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A widespread cyber attack struck several Iranian government ministries and a busy southern port city on Wednesday, according to a report broadcast by Israel’s Channel 12 news team.

It’s not clear who was behind the attacks.

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The Iranian ministries of communications, transportation and infrastructure were hacked, affecting areas such as the ports, along with a number of communications systems, affecting the banks and customs authorities, according to the report.

In addition, the cyber attack struck the southern coastal port city of Bandar Abbas, a site that has been targeted once before, on May 9.

That attack was attributed to Israeli hackers in a report by The Washington Post, which claimed it came in retaliation for an Iranian cyberattack on Israel’s domestic water infrastructure.

“Iran had crossed a red line and Israel had to respond,” a Western source told Israel’s N12 news team at the time.

During the May 9 attack, extensive government services in Iran were shut down. Iran subsequently confirmed the truth of the incident, which also involved the Ministry of Communications and various communications systems, affecting banks and the customs system, in addition to the Transportation Ministry and central infrastructure such as that of the ports and the nation’s roads.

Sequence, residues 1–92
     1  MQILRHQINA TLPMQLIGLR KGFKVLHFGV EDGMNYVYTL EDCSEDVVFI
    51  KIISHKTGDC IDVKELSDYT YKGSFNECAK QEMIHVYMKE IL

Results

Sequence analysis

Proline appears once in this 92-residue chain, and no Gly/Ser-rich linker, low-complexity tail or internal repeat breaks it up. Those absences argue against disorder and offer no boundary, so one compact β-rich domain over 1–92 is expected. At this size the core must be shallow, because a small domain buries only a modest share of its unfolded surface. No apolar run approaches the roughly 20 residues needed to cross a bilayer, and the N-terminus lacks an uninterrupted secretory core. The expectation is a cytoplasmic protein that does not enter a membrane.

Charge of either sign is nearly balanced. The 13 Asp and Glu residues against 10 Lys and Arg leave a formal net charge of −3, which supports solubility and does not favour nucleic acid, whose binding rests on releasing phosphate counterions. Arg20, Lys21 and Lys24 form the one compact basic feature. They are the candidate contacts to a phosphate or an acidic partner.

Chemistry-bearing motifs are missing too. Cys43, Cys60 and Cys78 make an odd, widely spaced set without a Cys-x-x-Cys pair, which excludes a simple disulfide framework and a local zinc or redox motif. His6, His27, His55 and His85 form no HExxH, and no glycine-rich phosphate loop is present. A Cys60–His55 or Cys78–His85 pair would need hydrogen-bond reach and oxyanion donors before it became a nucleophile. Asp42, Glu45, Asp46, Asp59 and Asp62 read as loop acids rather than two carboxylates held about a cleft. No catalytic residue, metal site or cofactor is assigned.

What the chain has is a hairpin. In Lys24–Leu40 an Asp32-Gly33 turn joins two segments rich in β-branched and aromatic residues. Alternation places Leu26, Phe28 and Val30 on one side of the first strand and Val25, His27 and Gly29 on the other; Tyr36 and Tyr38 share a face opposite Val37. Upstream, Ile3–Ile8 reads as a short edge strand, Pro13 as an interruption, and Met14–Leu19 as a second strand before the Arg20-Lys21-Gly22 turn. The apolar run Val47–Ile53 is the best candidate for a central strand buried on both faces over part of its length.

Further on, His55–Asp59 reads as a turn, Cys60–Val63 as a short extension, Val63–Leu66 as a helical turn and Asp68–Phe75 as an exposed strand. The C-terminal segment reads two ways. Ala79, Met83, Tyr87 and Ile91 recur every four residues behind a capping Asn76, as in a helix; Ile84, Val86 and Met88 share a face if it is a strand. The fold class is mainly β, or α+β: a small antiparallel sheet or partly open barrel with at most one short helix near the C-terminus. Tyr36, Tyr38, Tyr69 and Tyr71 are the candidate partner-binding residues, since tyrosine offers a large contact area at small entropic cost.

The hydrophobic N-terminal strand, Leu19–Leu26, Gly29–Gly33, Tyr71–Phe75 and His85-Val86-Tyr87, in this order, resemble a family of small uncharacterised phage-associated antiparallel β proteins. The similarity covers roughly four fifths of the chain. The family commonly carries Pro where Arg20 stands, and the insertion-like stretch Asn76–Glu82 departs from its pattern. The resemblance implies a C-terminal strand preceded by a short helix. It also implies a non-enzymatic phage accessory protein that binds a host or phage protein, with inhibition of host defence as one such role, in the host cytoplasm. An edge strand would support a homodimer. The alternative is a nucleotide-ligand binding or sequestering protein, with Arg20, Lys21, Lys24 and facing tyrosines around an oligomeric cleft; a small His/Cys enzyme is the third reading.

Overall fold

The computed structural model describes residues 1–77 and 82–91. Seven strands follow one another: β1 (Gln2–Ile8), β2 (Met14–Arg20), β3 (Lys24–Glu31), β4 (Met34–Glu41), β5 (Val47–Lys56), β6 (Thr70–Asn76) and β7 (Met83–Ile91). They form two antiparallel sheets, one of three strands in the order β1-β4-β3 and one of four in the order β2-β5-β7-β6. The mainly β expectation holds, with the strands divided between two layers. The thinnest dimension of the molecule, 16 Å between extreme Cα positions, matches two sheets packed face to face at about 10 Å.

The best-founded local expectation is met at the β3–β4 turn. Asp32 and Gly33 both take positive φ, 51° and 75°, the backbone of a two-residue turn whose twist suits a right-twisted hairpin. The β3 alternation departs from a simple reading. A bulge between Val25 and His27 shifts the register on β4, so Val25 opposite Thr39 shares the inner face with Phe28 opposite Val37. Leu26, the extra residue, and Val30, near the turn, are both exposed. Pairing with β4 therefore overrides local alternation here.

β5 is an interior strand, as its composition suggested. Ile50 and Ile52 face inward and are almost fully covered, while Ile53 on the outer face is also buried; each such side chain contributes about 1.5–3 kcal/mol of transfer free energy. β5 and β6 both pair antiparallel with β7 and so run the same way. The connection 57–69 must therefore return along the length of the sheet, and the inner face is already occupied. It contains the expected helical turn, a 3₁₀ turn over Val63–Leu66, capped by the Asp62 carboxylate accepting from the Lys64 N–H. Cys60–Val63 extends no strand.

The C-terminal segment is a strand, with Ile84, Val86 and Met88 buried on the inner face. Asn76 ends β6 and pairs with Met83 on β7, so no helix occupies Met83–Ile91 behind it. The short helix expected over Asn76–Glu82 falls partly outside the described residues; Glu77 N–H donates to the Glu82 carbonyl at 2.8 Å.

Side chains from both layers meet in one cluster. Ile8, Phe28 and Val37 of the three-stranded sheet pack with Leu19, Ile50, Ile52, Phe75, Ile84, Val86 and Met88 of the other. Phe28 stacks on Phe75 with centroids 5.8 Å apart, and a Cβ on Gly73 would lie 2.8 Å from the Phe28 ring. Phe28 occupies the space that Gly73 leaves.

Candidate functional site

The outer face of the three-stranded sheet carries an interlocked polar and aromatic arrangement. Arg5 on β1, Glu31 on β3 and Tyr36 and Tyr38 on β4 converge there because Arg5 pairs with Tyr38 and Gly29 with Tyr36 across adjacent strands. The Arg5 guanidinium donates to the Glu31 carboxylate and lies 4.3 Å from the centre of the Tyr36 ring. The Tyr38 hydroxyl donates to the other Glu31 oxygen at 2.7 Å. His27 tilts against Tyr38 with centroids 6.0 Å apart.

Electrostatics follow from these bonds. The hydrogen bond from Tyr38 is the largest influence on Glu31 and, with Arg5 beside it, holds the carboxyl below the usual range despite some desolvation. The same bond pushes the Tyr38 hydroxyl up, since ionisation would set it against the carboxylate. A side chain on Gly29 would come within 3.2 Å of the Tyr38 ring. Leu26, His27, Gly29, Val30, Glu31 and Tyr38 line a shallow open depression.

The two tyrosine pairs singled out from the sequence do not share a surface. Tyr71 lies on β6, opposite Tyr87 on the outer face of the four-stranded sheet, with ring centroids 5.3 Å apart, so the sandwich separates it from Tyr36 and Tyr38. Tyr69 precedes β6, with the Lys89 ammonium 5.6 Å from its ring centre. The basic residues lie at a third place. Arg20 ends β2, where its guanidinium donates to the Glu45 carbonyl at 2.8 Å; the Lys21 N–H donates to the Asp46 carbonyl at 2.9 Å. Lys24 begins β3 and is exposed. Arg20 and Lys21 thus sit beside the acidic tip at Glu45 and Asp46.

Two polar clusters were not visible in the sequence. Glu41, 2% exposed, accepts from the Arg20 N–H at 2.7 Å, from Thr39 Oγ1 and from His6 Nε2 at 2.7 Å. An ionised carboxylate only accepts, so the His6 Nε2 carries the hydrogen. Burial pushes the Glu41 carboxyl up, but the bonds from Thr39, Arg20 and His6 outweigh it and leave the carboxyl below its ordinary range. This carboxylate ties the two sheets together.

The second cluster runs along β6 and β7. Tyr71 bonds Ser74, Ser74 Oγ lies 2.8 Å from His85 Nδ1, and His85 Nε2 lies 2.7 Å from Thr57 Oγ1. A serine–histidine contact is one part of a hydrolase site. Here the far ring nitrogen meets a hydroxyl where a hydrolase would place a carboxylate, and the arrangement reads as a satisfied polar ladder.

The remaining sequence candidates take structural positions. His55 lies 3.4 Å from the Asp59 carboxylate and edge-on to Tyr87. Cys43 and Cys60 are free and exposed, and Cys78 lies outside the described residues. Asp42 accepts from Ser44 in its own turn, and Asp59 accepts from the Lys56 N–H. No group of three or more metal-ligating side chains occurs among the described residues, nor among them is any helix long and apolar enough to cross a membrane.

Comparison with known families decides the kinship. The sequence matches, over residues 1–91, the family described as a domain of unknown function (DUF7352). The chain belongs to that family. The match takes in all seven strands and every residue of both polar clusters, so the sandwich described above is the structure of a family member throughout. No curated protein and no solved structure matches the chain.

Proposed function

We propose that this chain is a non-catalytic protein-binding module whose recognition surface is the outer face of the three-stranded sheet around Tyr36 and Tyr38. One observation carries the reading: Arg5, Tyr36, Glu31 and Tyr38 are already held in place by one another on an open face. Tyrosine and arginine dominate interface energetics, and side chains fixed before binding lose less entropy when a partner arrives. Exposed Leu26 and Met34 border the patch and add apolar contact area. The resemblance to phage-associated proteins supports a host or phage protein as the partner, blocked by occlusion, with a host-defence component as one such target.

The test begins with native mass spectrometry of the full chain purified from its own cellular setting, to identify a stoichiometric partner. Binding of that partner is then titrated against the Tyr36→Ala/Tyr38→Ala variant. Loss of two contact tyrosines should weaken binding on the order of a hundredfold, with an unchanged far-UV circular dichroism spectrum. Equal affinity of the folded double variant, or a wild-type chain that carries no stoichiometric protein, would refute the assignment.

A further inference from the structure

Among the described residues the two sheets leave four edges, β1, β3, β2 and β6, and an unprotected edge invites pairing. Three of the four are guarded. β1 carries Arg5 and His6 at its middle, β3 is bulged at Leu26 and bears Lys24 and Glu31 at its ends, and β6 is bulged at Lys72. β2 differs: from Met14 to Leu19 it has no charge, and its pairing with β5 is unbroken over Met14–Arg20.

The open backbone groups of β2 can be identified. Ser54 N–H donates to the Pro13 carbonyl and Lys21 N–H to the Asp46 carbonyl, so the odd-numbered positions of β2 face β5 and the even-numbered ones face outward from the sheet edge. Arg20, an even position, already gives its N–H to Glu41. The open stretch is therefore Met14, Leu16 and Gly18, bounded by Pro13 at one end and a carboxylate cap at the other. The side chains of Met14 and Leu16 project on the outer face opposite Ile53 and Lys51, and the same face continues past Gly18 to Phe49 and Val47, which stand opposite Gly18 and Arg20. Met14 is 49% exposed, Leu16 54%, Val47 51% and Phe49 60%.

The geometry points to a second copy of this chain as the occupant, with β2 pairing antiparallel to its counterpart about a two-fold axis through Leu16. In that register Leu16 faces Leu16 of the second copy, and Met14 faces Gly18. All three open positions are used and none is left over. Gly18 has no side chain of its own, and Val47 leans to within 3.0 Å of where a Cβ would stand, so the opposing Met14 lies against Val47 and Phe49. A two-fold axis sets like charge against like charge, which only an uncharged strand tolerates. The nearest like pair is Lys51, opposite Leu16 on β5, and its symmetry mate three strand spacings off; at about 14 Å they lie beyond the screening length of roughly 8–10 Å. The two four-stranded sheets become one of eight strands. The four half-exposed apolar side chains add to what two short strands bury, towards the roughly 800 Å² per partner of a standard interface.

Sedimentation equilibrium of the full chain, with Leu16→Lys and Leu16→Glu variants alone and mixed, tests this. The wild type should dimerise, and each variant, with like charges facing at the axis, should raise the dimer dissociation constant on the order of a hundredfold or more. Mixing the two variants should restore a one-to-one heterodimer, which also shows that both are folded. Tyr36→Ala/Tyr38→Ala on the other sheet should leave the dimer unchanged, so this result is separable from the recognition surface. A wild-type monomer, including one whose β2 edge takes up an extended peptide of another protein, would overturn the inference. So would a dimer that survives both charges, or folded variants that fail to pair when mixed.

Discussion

In that attack, the shipping traffic in the Iranian port inexplicably and abruptly came to a halt, allegedly because the computers responsible for regulating the movement of ships, trucks and the goods they moved were all shut down at once, thus creating heavy loads on the lanes and routes leading to the strategic facility.

US Sanctions Adding to Iranian Stress
In addition, the United States is continuing to place as much pressure as possible on the Islamic Republic to force the Tehran government to abandon its race towards nuclear weapons of mass destruction, and its support for global terror.

In September the US imposed sanctions on two Iranian entities and 45 individuals who carried out a malware campaign targeting Iranian dissidents, journalists and international travel companies, according to Reuters.

One of the entities was named as Iranian cyber threat group Advanced Persistent Threat 39; the other as a front company called Rana Intelligence Computing Company (Rana), with the Treasury Department saying both are owned or controlled by Iran’s Ministry of Intelligence and Security (MOIS).

“The Iranian regime uses its Intelligence Ministry as a tool to target innocent civilians and companies, and advance its destabilizing agenda around the world,” Treasury Secretary Steven Mnuchin said in a statement.

“The United States is determined to counter offensive cyber campaigns designed to jeopardize security and inflict damage on the international travel sector.”

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Hana Levi Julian is a Middle East news analyst with a degree in Mass Communication and Journalism from Southern Connecticut State University. A past columnist with The Jewish Press and senior editor at Arutz 7, Ms. Julian has written for Babble.com, Chabad.org and other media outlets, in addition to her years working in broadcast journalism.